As COVID-19 reshapes the eCommerce landscape, food and beverage companies are seeing a unique set of opportunities and challenges when it comes to shipping.
The food and beverage sector was already expecting a 23.4% eCommerce boost for the year thanks to the rising interest in online ordering, but the COVID-19 crisis is driving grocery sales even higher with a 210% increase in the dollar value of consumers’ orders, according to PYMNTS.com.
Companies like meal kit subscription services and specialty food retailers are also experiencing a bump at the moment, as consumers look for new ways to prepare and enjoy food at home without having to visit a physical store.
If your company is part of this boom, there are several factors to be aware of when it comes to your customer experience and your shipping. It’s time to ask questions like:
1. What’s in my carrier contract?
First, understand what your shipping characteristics and volumes used to look like and how they interacted with your carrier contract. For instance, were you getting a big discount on commercial shipping rates because you primarily shipped to business addresses? That might be irrelevant now that so many businesses are shut down and employees are working from home. Many traditional B2B shippers are now experiencing huge increases in the cost of their shipping due to the increased frequency of residential and delivery area surcharges. Add in the push toward two-day fulfillment over the last couple of years, and many businesses simply don’t have competitive ground residential rates in their contracts with the major carriers. Some are seeing shipping cost increases of 20-30% because their contracts aren’t optimized for how they need to deliver to their customers now.
2. What needs to change?
A major aspect of loss prevention for eCommerce food and beverage companies is spoilage and breakage, so you were likely reliant on your carrier’s network running smoothly and efficiently. As we have heard from the carriers, COVID-19 has eliminated those standards and the carriers have suspended their service guarantees. Late packages for meal kit subscription services is as much about missing consumer expectations as it is about actual spoilage. You might see a tidbit back from the carrier refunding the cost of shipping and reimbursing the cost of the good, but what will it take to win that consumer back? Ensuring that customers receive safe, intact delivery is a linchpin of your business, so it falls to you to reach out to your carrier and use any leverage you have to get them to get your deliveries through on time. One bit of sway you might have is increased volume. If your sales are rising, use this as a point of optimization with your carrier. They want to keep you as a customer even when this crisis has passed, so start talking about a better pricing tier and expedited service.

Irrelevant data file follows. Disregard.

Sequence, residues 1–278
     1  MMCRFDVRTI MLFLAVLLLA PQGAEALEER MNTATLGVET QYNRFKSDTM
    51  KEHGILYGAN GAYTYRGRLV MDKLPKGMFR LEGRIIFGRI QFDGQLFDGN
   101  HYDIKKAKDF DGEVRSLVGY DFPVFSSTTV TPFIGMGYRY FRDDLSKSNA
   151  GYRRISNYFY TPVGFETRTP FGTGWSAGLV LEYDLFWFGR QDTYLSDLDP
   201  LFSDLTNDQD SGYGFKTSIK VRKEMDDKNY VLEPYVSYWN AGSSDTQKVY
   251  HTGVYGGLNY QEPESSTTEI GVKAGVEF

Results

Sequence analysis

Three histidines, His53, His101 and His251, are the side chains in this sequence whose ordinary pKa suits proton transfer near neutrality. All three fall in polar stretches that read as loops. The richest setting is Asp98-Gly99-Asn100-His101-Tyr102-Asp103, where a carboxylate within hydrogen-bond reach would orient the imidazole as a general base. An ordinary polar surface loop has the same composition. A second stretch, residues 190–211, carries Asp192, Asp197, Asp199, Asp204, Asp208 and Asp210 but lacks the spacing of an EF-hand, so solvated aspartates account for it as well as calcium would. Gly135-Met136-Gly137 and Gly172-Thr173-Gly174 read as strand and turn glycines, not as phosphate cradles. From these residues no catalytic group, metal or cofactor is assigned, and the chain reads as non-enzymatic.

Look at your orders for clues to how your customers’ tastes and expectations have changed. Are you shipping larger packages now? Are they going to primarily residential areas and incurring related surcharges? What shipping speeds do customers expect? If your goods aren’t perishable, are you able to encourage them to select slower, less costly shipping speeds?
The key to your conversation with the carrier rep is to focus on service levels and consumer experience pitfall concerns. Emphasize that, because that we indeed live in an age of uncertainty and consumer needs and habits will continue to evolve, you want to stay in close contact and keep a positive working relationship with your rep. A little goodwill goes a long way.
3. What fulfillment options do I have?
As Amazon tries to balance consumer demand for certain products with the scope of its fulfillment network, some online retailers are competing for consumers’ attention by optimizing their own product lines to make direct to consumer shipping more affordable. Others are relying on their physical stores as distribution points if they are not halted by stay-at-home orders. Food and beverage companies of all kinds are pivoting their business models quickly in response, so examine your own options. Can you work with your carrier to create contract terms that allow you to profitably ship directly to consumers?
4. How can I maintain customer experience?
The key here is communication, of course. When you let your customers know what will happen with their order before, during and after the transaction, you create transparency that builds a strong relationship. Yes, they want what they ordered quickly, but most are aware of the incredible impact this crisis has had on American commerce and logistics. If you are clear with customers about what to expect, they’ll be more understanding if they have to wait.
Your shipping action item checklist
As always, plan — don’t panic! Take these steps to keep your shipping on track.
1. Examine your shipping data to understand where you were, where you are now and what’s changed. You should be starting to see trends in your carrier invoices that reflect the changes to your volume, shipment characteristics and surcharges.
2. Get in contact with your carrier and optimize contract changes that reflect these trends. Many shippers we work with are having success in securing faster shipping and discounts when they approach their carrier rep with data in hand and a cooperative attitude.
3. Examine your fulfillment network and optimize for your new normal. Some shippers have even shifted to LTL services to move shipments quickly rather than rely on their traditional shipping methods.
If you’re a shipper, we understand how overwhelming this all is. Trust us — we feel it too. We’ve just released a new eBook that helps you understand and combat some of the new surcharges you might be experiencing — take a look!